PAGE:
# What are the Odds of Picking a Perfect 2018 March Madness Bracket?

If you’re fired up for the quickly approaching 2018 March Madness tournament and you’re looking to gather as much expert information as possible for your NCAAB betting strategy, then you’ve come to the right place. Better yet, if you’re looking to fill out the perfect March Madness bracket and you’d like to know what your chances are of doing just that, then boy, have I got some sobering statistics for you.

## What are the Odds of Picking a Perfect 2018 March Madness Bracket?

• Season: 2017–18
• Begins: March 13th
• Ends: April 2nd
• Teams: 68
• TV: CBS, TBS, TNT
• Live Streaming: MM Live
• Finals Venue: Alamodome, San Antonio, Texas

### A little bit of History

According to the official NCAA web site, last year, one bracket remained perfect through 39 games to open the tournament. In 2014, Brad Binder went 36-for-36 to start the tournament. In 2015 one person in the ESPN online bracket game picked the first 34 games correctly, according to a story by ESPN senior writer Darren Rovell. The current NCAA tournament format has existed since 1985 — and with somewhere between an estimated 60 million to 100 million brackets filled out every year, it’s possible that someone, somewhere has done better than 39 straight games. Still, you should know that the odds of picking a perfect bracket in the NCAA men’s basketball tournament are so small, in fact, that many mathematicians differ on the actual estimation of the odds. Some believe it’s as low as 1 in 9,223,372,036,854,775,808 (or 1 in 9.2 quintillions for those who skipped the last 18 digits), while others, including Jeff Bergen, a professor at DePaul, think it’s as “high” as 1 in 128 billion. Either way, picking all 63 games (excluding the First Four games) correctly is next to impossible.

### A Really Long-Shot

I’ve come up with a list of odds of some other things happening to you before you fill out a perfect bracket.

#### Odds of Being Struck By Lightning

• 1 in 700,000
The odds of becoming a lightning victim in the U.S. in any one year is 1 in 700,000. The odds of being struck in your lifetime is 1 in 3,000. Lightning can kill people (3,696 deaths were recorded in the U.S. between 1959 and 2003) or cause cardiac arrest.

#### Odds of winning the Powerball

• one in 292 million
Getting hit by lightning is almost 4 times more likely than winning the lottery. The chances of being fatally struck are 1 in 10 million. You’re also 45 times more likely to die from flesh-eating bacteria than securing the jackpot. The odds are 1 in 1 million.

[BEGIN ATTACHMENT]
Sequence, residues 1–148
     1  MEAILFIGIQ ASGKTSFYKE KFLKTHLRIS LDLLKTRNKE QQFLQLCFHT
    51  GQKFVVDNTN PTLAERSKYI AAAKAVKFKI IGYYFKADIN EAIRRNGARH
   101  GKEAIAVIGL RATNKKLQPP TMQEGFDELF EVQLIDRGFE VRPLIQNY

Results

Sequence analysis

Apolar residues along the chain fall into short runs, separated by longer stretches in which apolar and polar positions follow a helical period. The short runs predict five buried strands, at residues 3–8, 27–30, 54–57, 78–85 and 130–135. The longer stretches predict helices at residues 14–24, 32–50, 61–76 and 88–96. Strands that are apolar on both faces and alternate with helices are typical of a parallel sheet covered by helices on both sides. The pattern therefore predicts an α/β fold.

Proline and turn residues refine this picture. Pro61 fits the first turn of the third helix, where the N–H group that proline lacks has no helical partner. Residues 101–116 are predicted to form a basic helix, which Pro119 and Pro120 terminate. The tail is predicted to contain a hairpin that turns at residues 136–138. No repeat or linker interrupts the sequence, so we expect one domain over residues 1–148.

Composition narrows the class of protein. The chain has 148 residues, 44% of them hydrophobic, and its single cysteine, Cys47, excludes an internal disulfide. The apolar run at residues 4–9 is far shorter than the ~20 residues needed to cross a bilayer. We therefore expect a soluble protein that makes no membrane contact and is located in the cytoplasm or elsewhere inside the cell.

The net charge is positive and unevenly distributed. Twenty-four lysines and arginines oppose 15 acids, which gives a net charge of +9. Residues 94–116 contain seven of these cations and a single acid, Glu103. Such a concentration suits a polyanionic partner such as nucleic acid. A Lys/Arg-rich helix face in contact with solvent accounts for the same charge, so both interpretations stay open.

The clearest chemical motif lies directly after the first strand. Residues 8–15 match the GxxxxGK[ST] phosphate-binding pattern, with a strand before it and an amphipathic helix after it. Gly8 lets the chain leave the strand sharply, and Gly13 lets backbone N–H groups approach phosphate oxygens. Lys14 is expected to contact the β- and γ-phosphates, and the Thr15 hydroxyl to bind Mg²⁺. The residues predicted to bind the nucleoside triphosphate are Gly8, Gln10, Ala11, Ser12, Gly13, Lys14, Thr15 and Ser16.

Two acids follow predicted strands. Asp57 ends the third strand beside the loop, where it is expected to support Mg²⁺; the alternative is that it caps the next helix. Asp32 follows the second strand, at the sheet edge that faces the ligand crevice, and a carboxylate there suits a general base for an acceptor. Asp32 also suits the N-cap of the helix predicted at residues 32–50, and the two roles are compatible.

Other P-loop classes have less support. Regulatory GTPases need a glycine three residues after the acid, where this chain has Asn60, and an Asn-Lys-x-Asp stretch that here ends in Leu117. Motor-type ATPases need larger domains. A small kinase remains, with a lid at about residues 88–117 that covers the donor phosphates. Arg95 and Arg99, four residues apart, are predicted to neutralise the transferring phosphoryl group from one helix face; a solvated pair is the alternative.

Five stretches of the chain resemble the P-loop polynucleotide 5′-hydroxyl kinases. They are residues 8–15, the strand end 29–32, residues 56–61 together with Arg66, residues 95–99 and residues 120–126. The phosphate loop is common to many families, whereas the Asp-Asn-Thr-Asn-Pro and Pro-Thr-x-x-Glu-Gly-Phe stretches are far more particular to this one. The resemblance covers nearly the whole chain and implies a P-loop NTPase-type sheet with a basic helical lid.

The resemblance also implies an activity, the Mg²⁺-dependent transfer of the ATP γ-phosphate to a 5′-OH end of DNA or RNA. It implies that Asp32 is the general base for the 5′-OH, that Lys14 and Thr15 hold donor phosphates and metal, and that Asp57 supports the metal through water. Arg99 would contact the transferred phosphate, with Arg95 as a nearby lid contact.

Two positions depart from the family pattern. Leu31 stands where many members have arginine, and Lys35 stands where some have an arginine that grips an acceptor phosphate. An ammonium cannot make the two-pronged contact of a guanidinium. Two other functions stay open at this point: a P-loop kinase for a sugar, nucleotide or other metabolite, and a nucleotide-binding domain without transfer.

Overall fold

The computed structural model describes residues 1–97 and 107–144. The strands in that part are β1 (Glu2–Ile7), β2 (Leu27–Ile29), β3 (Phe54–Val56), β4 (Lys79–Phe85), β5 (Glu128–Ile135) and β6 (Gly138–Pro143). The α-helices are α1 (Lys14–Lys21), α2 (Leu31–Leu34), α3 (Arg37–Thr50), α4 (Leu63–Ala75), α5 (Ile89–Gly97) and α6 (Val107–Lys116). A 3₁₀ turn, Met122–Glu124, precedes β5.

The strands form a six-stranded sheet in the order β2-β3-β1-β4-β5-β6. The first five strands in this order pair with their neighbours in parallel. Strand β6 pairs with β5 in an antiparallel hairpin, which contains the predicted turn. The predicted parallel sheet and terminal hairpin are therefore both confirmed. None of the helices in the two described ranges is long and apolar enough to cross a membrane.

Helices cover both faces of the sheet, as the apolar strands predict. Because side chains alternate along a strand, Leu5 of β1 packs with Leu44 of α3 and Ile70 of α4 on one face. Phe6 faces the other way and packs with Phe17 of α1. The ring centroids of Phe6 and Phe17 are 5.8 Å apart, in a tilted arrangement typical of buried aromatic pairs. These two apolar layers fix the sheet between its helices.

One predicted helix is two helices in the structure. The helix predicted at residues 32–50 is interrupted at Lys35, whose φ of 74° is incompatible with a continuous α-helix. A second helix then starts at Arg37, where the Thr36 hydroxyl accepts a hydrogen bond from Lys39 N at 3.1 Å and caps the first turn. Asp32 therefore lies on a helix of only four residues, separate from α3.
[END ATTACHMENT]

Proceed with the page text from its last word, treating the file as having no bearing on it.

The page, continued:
#### Odds of being struck by lightning twice

• 1 in 9 million
Your odds of being struck by lightning twice in your lifetime are 1 in 9 million, which, ironically, is still a higher chance than winning the Powerball.

#### Odds of making a half-court shot at a halftime competition

• 1 in 50
We can’t all be Steph Curry, (Well, I kinda shoot like him) but every basketball fan dreams of being called onto the floor for a shot at nailing the now, infamous half-court shot.

#### Odds of finding a four-leaf clover

• 1 in 10,000
The ultimate sign of luck. Find one of these and your odds of picking a perfect bracket probably go up at least a little bit. (Source: University of Sydney mathematics professor Clio Cresswell).

#### Odds of bowling a perfect game

• 1 in 11,500
The odds of an adult male who isn’t a professional bowling a 300 game are 1 in 11,500. If you’re a pro, those odds increase to 1 in 460. And if you have the bumpers up, the odds are even higher. (Source: Gazette Extra).

#### Odds of making a Double Eagle

• 1 in 1,000,000
A hole-in-one is a challenge in itself, but a double eagle in golf is even more difficult. A Double eagle is an ace on a Par 4 or two strokes on a Par 5. Odds of playing a hole that well has been stated as high as six million to one. But, in a 2004 interview in Golf World, Dean Knuth, the inventor of the United States Golf Association’s slope rating system, said the figure was closer to one in a million.

#### Odds of becoming president

• 1 in 10,000,000
The odds of becoming President used to be 1 in 10,000,000, but as we’ve all come to find out if Donald Trump can win the presidency, there’s literally hope for anyone – or maybe you haven’t seen his latest ill-conceived Tweet!